Iowa with 22 percent, eight points ahead as his closest rival, Dr. Ben Carson, and a whopping 17 points ahead of Paul, according to the latest
CNN/ORC poll of likely caucus goers. But Paul isn't backing down.
SEN. RAND PAUL (R-KY), PRESIDENTIAL CANDIDATE: Thank you. Thank you.
MURRAY: Even using the limelight at last night's Nashua Town Hall to do his best Trump impression.
PAUL: My favorite is, "You know the reason I tell women they're ugly is because I'm so good-looking. Everybody knows I'm good-looking. Right?"
MURRAY: Just hours before Paul's event in New Hampshire, Trump spoke with CNN's Jake Tapper about the ongoing sparring match.
TRUMP: You know, you look at a guy like Rand Paul, he's failing in the polls. He's week on the military. He's pathetic on military. Hasn't his
whole team been indicted? I mean, I've been reading where this...
JAKE TAPPER, CNN ANCHOR: That's his -- the super PAC that's supporting him.
TRUMP: Yes. They've been indicted. So, you know, he's a mess. There's no question about it.
MURRAY: But last night's political drama wasn't just limited to Trump versus Paul.
CROWD: Black lives matter! Black lives matter! Black lives matter! Black lives matter! Black lives matter! Black lives matter!
MURRAY: Jeb Bush abruptly left his Las Vegas town hall after a crowd of "black lives matter" activists chanted during his exit, their response
to his final answer about racial equality.
JEB BUSH (R), PRESIDENTIAL CANDIDATE: I have a report of empowering people in communities that had no chance. They were told they were assigned
to failing schools, and it was very easy to understand why that exists, why people don't think the system works for them.
MURRAY: Now, that wasn't the only bad news for Jeb Bush. Our new Iowa polls shows him moving out of the top five falling down with
candidates (inaudible) favorability. Moving up, however, is Carly Fiorina, the former CEO of Hewlett Packard. One other thing to note from that poll,
two-thirds of Republican caucus goers said they're still unsure who they're going to vote for, so it's still a very fluid field on the GOP side --
ANDERSON: All right.
And Sara, while it's too early to really tell whether these polls will translate into votes given that we're still, what, 16 months out. Be that
as it may, what's happening in the Democratic race?
MURRAY: Well, sure. Let's take a look at how the Democrats are doing in Iowa. This is still very much a Hillary Clinton state. She has 50
percent support among likely Democratic caucus goers. Bernie Sanders is following her, but not particularly closely. He's at 31 percent.
Interesting number there for Vice President Joe Biden, though. He has not even announced whether he's going to run for the presidency. And he's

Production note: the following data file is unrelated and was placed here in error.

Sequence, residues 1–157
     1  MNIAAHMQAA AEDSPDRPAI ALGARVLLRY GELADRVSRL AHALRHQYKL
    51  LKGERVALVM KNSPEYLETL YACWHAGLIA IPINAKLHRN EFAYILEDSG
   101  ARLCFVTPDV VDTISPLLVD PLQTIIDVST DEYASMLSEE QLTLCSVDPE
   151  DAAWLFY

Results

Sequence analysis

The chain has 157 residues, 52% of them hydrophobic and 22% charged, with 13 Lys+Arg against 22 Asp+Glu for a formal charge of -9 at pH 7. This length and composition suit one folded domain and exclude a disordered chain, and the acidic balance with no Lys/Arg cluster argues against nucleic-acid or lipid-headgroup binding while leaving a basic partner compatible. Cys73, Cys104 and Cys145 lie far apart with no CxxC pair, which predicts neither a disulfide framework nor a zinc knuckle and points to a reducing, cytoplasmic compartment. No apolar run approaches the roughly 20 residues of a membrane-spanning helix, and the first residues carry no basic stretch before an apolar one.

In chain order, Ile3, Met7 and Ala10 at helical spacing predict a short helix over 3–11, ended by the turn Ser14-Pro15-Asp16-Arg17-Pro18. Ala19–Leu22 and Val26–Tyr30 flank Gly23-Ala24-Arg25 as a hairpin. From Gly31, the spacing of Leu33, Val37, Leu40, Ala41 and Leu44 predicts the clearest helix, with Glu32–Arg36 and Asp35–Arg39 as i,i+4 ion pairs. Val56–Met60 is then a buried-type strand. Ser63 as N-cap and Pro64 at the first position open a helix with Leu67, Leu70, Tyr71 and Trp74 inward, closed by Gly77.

already at 12 percent in Iowa.
The situation is a little bit different if you look at New Hampshire. Something maybe for Hillary Clinton to worry about there, because Bernie
Sanders is in the lead for the first time. She's trailing there by seven points, so I'm sure that's not a number her campaign is very happy to be
looking at today.
MURRAY: Sara, thank you. Your correspondent out of Washington this evening.
Live from Abu Dhabi, this is Connect the World. Coming up, find out why Chelsea boss Jose Mourinho is center stage once again, this time -- and
well, it's the latest row in football that's all I'm going to tell you. That's next.
And the movie world says good-bye to this star of the Oscar-winning movie The Artist. Stay with us.
[11:47:13] ANDERSON: You're watching CNN. This is Connect the World with me Becky Anderson. Welcome back.
Now to a row that has erupted in the world of football. It's the beginning of the season, of course. Chelsea's team doctor is seeing some
support after a very public admonishment for how she reacted during a match. Eva Carneiro was blasted by manager Jose Mourinho after she rushed
on to the field to treat an injured player.
Well, Mourinho called the decision impulsive and naive.
Well, now her fellow medics have hit back saying she was just doing her job.
Well, let's get more from CNN world sport's Christina Macfarlane.
All right, just explain what happened, Christina.
CHRISTINA MACFARLANE, CNN CORRESPONDENT: Yeah, Becky, it's interesting because I was at this match on Saturday, and I was even sitting
just a few rows back from Jose Mourinho. And I saw him explode to this incident.
What happened was that in the dying moments of the game, Swansea were 2-all against Chelsea, a match that Chelsea were expected to win. And they